A few qualities that learning-oriented managers should keep in mind during training/mentoring:
Team member curiosity, persistence, and knowing that lifelong learning requires a lot of sweat and time can make the world of difference in a learning (and doing) atmosphere.
Zest can mean curiosity, interest. When we’re interested we pay attention. We dig below the surface. We are motivated to work harder and longer. It’s about the brain’s tendency to put out energy on anything that stimulates us, like climbing, or music, or bike riding.
A roadmap doesn’t create the desire to ride. It’s zest that entices us to climb on the seat; it’s a call to adventure. Managers feed zest when they connect to team members’ interests and make work relevant, tapping into questions, topics, and issues that matter, asking them to identify topics or questions they care about.
Bring passion to the table. Manager enthusiasm covers a wide swath of edginess, and also human interest. Let it be contagious!
Grit is about persistence and a long-term focus. People with grit see challenges as temporary setbacks. Managers with a fixed mindset focus solely on performance measures, not the “gritty” learning adventure; they view mistakes as failures, not as a part of the learning scaffold.
Effective managers nudge learners to persist in their work with grit, like cyclists who dust themselves off after a fall.
Gritty leaders and learners view difficulties as speed bumps, not roadblocks to learning.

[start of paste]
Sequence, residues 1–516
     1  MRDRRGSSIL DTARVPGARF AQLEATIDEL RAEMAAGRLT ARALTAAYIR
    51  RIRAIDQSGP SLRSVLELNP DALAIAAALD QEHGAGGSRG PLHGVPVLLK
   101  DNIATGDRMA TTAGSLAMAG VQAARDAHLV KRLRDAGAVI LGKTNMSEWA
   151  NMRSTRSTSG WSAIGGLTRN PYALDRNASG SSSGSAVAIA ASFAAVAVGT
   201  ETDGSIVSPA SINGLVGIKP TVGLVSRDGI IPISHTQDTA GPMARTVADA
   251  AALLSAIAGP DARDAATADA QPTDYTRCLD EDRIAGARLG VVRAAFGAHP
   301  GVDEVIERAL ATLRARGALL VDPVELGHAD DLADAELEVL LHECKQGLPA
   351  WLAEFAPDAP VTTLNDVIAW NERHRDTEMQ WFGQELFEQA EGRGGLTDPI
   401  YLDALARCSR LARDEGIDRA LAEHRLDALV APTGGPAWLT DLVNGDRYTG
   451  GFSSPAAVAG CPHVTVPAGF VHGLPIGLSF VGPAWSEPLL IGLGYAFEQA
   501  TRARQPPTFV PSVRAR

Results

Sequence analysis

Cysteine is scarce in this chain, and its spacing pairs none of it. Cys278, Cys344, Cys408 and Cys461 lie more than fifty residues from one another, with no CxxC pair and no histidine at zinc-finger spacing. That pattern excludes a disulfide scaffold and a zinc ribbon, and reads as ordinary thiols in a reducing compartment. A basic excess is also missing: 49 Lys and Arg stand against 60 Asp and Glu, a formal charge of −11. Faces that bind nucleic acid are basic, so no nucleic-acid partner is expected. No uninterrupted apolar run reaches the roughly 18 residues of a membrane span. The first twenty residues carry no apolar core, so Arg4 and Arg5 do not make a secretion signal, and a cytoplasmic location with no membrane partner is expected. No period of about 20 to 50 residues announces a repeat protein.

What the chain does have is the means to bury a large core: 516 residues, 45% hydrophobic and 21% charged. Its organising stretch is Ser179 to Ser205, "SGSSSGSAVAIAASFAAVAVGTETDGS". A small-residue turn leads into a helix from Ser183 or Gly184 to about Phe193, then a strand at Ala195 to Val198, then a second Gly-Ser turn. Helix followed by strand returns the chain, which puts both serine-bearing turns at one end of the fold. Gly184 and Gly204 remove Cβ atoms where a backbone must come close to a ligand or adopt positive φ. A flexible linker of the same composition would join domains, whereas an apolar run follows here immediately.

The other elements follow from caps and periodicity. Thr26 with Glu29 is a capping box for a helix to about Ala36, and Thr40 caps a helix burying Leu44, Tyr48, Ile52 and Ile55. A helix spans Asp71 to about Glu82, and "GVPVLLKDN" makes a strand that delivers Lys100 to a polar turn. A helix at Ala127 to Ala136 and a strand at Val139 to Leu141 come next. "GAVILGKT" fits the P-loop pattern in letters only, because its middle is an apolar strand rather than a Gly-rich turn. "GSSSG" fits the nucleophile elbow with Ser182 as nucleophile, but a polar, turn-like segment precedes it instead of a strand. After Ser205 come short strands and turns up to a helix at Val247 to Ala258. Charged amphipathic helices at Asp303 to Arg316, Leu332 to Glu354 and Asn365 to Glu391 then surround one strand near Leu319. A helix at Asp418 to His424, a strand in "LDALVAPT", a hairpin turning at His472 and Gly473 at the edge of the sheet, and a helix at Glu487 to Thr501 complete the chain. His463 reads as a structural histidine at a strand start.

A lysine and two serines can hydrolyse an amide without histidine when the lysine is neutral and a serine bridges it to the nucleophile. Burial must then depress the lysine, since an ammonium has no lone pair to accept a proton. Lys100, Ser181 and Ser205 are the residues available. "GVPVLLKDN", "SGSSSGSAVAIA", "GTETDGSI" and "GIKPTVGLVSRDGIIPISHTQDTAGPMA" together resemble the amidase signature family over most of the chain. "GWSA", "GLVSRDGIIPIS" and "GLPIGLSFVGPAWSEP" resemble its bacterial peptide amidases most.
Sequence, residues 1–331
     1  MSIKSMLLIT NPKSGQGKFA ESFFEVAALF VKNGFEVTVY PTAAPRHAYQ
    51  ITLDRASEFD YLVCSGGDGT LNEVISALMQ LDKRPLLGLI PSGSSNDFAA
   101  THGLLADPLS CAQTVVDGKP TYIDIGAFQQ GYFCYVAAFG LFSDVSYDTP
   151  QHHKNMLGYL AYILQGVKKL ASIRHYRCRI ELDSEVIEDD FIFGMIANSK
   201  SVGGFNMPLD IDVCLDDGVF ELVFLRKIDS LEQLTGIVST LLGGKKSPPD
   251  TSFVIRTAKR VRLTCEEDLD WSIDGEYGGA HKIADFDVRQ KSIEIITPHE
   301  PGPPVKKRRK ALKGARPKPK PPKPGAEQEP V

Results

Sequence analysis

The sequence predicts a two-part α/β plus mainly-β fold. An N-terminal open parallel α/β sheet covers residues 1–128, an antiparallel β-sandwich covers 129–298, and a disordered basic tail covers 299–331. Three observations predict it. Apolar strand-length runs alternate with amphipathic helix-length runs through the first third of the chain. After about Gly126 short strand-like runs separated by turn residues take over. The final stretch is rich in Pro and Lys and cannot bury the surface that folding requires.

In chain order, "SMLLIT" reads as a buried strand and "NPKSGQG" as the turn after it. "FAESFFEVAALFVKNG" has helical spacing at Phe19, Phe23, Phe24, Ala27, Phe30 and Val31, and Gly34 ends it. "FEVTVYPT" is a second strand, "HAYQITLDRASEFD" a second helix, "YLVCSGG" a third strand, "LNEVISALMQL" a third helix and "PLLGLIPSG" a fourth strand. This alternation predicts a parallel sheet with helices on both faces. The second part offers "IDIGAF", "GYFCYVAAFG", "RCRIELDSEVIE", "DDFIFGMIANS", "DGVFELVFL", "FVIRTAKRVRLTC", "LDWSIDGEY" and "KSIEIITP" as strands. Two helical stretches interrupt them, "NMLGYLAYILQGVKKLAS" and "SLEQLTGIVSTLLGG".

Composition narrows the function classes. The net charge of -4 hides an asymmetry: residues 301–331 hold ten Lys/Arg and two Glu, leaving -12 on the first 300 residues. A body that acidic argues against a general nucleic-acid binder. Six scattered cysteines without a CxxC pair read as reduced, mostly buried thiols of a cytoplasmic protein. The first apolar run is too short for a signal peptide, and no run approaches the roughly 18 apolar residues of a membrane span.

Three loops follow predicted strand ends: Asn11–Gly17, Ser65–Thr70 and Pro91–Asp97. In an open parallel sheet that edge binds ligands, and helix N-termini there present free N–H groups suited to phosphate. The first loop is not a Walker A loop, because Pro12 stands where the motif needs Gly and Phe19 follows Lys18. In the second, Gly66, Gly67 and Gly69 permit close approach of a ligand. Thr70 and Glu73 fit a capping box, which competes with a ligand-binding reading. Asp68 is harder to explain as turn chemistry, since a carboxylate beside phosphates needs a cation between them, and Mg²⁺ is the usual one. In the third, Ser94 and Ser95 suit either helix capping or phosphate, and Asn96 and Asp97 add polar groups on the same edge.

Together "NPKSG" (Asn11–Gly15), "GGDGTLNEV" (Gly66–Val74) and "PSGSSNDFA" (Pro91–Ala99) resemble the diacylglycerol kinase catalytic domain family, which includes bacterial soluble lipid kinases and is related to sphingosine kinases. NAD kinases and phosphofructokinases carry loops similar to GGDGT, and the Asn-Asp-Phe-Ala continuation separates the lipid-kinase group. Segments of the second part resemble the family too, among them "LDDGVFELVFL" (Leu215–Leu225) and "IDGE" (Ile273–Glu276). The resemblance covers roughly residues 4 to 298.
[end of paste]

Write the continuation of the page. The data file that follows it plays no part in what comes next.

What to do? Provide low-stakes practice. Learning requires practice. Multiple, low-stakes opportunities, with timely feedback. To be most effective, feedback needs to be specific, and timely. It should identify strengths, weaknesses, and recommendations for future action.
Completing a cycling trip requires good planning. Novice riders underestimate the challenges, overestimate their ability, and fail to plan. It takes time, things go wrong, and you’re not going far without putting forth effort.
Managers can help staff work smarter, harder and longer when they incorporate reflection; for example, why was this question asked? How is X related to Y? How does this connect to what you learned before? When staff make these connections, learning takes on a long-term perspective.
Lifelong learning is more about the ride than the destination. Zest affects what we think and motivates us to start the ride. Grit affects what we do and the effort we put forth by helping us advance along the paths of learning, now and tomorrow. Now go ride! or Ski!
And yeah, that’s me on the bike in the photo. Always working on my zest and grit. Rock and roll everyone!